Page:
Saturday, May 12, 2012

RIP Carroll Shelby

Carroll Shelby passed away last night. He was 89 years old, and had spent the last 21 of those years on a transplanted heart. Mr. Shelby was a tough old bird from East Texas, and he did a hell of a lot in his 89 years.

The New York Times and ESPN both have eloquent obituaries of this influential sports car racer and designer. But I have a more personal story to tell.

As readers of this blog may know, I have one of Mr. Shelby’s cars, a 1968 GT500KR convertible that I’ve owned since 1978.  I had the opportunity to meet him a few times at car shows over the years.

When I worked in London, a friend called to tell me Mr. Shelby was flying into Heathrow and could I meet him and assist his arrival into the UK?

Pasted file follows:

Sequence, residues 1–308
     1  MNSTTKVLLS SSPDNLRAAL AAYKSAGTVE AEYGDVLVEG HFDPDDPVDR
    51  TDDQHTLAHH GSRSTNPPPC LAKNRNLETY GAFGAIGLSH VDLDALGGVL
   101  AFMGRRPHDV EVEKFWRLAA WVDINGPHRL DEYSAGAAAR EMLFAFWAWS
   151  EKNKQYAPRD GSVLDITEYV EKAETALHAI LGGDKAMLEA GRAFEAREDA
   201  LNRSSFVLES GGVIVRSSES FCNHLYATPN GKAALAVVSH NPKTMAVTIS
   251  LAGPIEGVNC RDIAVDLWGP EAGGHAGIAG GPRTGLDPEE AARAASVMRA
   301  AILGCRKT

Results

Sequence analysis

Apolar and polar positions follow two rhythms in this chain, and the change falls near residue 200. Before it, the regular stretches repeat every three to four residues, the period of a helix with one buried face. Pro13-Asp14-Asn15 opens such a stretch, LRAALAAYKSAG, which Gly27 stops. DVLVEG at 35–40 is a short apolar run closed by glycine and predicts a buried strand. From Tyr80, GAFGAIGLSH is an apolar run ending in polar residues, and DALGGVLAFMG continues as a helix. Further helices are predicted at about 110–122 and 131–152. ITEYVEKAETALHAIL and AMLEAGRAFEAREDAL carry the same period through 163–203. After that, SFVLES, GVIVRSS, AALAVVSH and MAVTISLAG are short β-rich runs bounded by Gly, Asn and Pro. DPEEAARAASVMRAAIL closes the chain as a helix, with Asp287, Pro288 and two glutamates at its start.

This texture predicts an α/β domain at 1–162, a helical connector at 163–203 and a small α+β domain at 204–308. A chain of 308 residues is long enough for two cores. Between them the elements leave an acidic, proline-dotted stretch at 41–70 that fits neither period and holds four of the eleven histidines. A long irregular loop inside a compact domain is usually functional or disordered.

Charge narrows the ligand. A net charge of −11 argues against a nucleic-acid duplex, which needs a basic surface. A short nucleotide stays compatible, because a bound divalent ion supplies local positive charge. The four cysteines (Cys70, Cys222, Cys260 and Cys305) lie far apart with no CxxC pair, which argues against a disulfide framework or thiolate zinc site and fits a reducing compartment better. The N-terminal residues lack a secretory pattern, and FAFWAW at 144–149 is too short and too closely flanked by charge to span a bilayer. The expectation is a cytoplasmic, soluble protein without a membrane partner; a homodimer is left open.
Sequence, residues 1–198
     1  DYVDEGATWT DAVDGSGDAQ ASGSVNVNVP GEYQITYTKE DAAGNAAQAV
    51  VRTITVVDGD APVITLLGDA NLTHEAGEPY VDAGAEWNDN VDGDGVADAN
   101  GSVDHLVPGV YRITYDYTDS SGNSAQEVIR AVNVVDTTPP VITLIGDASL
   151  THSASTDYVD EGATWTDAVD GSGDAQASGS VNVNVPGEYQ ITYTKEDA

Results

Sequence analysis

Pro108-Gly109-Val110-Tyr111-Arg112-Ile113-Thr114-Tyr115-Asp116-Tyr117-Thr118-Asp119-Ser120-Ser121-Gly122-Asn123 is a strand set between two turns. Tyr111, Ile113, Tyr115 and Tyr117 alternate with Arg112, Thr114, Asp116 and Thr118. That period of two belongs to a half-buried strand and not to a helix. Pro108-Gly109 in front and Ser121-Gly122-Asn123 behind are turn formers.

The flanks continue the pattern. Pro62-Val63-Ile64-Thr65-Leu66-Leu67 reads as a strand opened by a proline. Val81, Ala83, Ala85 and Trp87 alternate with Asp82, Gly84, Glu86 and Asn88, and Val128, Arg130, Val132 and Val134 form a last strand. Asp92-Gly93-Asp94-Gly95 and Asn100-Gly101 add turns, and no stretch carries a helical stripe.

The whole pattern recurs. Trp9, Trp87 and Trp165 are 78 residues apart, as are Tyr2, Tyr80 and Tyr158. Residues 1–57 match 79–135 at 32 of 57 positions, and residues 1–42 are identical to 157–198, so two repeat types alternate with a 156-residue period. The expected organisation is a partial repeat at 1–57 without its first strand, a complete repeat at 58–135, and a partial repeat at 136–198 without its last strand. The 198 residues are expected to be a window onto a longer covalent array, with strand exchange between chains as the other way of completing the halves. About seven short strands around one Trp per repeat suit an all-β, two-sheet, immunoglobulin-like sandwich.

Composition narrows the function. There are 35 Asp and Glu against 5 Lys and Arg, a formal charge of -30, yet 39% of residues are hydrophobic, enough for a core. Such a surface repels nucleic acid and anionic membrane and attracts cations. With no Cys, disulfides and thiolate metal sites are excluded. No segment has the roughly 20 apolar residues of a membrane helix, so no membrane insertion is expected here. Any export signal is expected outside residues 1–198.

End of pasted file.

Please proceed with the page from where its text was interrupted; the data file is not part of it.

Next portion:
And of course I did. We had a nice chat working our way through immigrations and retrieving his bag. He probably didn’t remember me, but he faked it very convincingly. As I helped him into his ride, a 1967 Shelby (the only one I ever saw in the UK), he gave me a few tickets to the Goodwood Festival of Speed, which he was attending. “Come see me,” he said, “and we’ll have lunch.”

I told Sooz and Grant of my encounter and we made plans to go to Goodwood and to have lunch with Mr. Shelby. Grant, who was 7½ at the time, was especially excited as he was going to get to meet one of my heroes. He was at that age when the Guinness Book of World records fascinated him; he loved the biggest and the best of everything. (It was also an age where my heroes were still his heroes, but I digress.)